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Large-scale human-yeast genetic interaction for construction of disease network: systematic discovery of multiple drug targets
Kyoungho Suk1,*
1Department of Pharmacology, Brain Science and Engineering Institute, and Department of Biomedical Sciences, BK21 Plus KNU Biomedical Convergence Program, Kyungpook National University School of Medicine, Daegu, Korea
A novel approach has been used to identify functional interactions relevant to human disease. Using high-throughput human-yeast genetic interaction screens, a first draft of disease interactome was obtained. This was achieved by firstly searching for candidate human disease genes that confer toxicity in yeast, and secondly identifying modulators of this toxicity. The study found potentially disease-relevant interactions by analyzing the network of functional interactions and focusing on genes implicated in amyotrophic lateral sclerosis (ALS), for instance. In the subsequent proof-of-concept study focused on ALS, similar functional relationships between a specific kinase and ALS-associated genes were observed in mammalian cells and zebrafish, thereby supporting the findings in the human-yeast genetic interaction screens. Finally, results of combined analyses highlighted MAP2K5 kinase as a potential therapeutic target in ALS.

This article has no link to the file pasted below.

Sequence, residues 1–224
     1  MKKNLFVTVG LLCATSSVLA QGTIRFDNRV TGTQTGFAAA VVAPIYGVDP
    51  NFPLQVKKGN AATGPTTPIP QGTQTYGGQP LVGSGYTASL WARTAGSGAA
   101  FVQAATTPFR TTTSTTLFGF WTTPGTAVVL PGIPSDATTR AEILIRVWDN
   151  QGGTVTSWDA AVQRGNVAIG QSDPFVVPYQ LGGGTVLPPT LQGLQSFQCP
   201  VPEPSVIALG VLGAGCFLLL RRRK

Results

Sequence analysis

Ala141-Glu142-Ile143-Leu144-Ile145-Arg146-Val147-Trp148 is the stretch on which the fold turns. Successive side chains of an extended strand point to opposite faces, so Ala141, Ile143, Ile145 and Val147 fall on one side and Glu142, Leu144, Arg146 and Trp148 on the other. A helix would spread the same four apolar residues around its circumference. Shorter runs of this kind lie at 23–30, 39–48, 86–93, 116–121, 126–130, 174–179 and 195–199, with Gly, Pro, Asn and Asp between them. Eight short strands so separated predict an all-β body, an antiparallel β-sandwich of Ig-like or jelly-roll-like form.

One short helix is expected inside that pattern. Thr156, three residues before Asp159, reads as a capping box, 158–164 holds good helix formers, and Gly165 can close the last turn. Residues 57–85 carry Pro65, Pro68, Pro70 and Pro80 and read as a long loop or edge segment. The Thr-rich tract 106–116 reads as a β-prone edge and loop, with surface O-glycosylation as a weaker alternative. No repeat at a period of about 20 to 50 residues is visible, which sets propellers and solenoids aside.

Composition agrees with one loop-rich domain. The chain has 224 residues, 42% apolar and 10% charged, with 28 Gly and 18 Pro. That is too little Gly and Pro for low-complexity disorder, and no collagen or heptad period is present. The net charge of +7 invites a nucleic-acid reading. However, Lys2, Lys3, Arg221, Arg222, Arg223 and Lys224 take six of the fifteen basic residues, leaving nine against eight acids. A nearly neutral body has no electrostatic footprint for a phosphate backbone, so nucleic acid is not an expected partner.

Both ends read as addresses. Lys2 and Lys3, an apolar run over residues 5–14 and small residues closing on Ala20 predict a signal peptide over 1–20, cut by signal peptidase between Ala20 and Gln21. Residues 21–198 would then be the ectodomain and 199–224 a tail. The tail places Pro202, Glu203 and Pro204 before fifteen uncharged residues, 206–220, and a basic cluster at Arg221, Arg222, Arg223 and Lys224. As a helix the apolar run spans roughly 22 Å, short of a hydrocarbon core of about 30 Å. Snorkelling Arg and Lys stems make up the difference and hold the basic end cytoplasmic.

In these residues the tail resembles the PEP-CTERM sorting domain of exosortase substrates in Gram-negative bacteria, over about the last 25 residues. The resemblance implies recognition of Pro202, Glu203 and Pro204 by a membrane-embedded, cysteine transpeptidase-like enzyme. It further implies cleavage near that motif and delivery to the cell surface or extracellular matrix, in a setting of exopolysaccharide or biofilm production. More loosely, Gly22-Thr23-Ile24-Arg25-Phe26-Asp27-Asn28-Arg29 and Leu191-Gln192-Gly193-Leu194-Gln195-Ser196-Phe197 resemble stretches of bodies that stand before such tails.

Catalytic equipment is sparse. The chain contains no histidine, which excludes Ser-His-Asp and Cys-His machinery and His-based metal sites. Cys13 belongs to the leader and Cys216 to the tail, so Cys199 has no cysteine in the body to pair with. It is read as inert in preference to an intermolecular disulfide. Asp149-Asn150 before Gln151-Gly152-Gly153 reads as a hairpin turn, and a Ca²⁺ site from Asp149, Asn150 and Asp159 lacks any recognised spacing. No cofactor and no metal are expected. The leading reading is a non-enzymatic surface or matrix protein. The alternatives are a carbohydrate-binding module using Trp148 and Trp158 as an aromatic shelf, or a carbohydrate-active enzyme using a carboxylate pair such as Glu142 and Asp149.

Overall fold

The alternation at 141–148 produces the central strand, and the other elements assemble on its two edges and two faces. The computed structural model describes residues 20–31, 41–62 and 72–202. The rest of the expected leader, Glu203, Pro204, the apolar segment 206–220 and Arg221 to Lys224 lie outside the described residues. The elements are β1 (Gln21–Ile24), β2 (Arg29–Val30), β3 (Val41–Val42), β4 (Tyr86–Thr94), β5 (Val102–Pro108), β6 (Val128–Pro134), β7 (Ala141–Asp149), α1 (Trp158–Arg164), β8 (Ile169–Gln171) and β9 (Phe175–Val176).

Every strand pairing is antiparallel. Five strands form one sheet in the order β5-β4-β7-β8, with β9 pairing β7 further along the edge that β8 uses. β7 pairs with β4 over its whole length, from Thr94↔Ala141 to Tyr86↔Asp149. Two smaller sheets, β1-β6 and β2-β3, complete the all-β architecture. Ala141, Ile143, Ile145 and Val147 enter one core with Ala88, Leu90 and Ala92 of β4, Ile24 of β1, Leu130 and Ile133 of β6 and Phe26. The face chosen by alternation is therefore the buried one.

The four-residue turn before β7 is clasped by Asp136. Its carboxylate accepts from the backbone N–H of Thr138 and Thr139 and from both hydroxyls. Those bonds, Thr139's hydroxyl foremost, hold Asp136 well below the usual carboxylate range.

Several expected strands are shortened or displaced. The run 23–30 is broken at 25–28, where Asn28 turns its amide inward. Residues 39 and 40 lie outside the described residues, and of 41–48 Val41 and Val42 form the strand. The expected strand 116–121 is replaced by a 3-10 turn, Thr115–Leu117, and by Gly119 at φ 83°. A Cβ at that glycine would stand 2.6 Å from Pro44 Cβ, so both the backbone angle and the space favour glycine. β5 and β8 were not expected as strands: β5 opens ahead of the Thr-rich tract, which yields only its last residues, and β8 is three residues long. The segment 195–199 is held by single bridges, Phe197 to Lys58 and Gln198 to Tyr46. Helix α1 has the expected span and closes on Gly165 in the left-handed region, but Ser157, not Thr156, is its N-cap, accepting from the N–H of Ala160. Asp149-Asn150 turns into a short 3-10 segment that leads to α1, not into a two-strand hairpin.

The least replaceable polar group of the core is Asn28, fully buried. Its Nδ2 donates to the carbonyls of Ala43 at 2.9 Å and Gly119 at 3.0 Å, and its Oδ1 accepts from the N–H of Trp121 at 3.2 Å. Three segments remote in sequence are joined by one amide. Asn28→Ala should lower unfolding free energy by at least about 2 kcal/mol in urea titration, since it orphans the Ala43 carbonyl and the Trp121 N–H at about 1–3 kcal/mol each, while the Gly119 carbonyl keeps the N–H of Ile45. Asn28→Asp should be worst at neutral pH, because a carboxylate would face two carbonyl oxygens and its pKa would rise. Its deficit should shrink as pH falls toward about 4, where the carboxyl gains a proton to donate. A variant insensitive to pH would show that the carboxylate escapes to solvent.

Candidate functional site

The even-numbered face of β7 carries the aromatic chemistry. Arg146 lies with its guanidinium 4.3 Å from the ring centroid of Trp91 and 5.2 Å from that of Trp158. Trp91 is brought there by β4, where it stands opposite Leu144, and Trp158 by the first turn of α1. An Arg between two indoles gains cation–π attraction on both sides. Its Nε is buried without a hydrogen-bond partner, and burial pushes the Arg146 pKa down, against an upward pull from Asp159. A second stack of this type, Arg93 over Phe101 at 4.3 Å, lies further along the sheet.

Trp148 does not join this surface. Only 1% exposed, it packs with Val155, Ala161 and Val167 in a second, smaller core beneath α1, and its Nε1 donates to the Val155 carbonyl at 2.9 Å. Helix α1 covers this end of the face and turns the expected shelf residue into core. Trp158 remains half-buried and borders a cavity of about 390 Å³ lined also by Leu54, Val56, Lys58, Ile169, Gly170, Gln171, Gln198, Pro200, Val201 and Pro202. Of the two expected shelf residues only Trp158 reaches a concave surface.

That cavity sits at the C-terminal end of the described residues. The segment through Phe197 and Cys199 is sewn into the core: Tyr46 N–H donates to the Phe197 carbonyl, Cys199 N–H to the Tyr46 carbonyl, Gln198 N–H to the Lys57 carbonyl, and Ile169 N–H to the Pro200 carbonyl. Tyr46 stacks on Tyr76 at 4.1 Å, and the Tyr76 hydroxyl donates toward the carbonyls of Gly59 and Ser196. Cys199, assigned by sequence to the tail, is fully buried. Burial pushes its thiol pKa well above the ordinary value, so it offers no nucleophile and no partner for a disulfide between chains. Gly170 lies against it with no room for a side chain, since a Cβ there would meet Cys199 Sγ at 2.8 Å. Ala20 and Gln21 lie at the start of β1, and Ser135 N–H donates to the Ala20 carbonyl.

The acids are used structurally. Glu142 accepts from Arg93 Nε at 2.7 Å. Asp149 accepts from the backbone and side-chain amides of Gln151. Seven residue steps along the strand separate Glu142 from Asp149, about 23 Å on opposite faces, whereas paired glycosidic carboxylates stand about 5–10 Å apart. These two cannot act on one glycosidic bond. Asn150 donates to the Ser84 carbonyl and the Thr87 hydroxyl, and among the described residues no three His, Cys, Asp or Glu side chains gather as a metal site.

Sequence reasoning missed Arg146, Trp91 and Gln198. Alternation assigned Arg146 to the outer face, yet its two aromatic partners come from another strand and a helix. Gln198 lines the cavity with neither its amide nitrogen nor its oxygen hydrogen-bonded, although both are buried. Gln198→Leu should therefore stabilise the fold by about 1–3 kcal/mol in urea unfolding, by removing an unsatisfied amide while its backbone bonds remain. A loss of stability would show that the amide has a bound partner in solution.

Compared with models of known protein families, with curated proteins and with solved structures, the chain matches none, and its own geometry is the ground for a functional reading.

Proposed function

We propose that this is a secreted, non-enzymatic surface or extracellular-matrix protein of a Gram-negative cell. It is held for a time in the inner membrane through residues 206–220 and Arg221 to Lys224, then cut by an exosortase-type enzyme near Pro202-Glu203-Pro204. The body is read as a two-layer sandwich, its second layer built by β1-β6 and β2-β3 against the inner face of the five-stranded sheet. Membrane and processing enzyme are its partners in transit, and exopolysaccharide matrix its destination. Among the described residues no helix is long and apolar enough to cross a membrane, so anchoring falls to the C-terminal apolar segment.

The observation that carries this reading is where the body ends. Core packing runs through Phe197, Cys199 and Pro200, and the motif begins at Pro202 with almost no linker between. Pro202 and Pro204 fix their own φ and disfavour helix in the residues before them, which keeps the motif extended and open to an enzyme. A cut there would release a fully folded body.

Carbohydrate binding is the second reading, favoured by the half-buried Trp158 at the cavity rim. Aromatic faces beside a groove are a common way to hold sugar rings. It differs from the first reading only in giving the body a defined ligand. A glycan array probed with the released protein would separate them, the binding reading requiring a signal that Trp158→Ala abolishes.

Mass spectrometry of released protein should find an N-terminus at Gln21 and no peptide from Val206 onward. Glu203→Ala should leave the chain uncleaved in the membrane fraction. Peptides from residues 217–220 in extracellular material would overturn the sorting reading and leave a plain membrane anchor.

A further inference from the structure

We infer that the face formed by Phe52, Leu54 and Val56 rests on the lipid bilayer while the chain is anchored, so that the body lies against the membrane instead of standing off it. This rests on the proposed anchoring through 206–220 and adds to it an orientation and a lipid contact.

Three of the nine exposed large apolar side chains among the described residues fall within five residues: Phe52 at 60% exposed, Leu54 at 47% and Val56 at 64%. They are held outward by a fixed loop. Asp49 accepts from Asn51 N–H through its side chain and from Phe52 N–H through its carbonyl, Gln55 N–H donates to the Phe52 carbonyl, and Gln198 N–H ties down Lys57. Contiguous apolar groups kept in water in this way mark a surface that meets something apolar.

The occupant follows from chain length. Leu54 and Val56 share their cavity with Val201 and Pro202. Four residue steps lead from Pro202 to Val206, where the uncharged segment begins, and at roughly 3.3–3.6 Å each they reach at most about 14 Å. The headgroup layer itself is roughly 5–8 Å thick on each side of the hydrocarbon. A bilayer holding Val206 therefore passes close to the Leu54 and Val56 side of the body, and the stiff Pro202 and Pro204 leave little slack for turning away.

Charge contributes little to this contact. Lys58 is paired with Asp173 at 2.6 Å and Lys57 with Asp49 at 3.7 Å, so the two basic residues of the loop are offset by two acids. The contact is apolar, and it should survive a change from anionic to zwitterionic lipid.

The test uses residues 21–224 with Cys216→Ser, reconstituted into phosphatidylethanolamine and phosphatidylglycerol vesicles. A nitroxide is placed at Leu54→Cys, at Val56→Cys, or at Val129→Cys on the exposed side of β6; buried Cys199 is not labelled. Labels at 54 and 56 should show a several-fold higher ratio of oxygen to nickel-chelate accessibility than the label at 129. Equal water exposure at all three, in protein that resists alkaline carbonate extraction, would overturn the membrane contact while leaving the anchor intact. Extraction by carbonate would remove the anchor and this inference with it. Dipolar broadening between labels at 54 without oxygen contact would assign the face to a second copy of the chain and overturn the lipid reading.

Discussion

Abstract, Accepted Manuscript(in press) [Submitted on July 6, 2017, Accepted on July 6, 2017]
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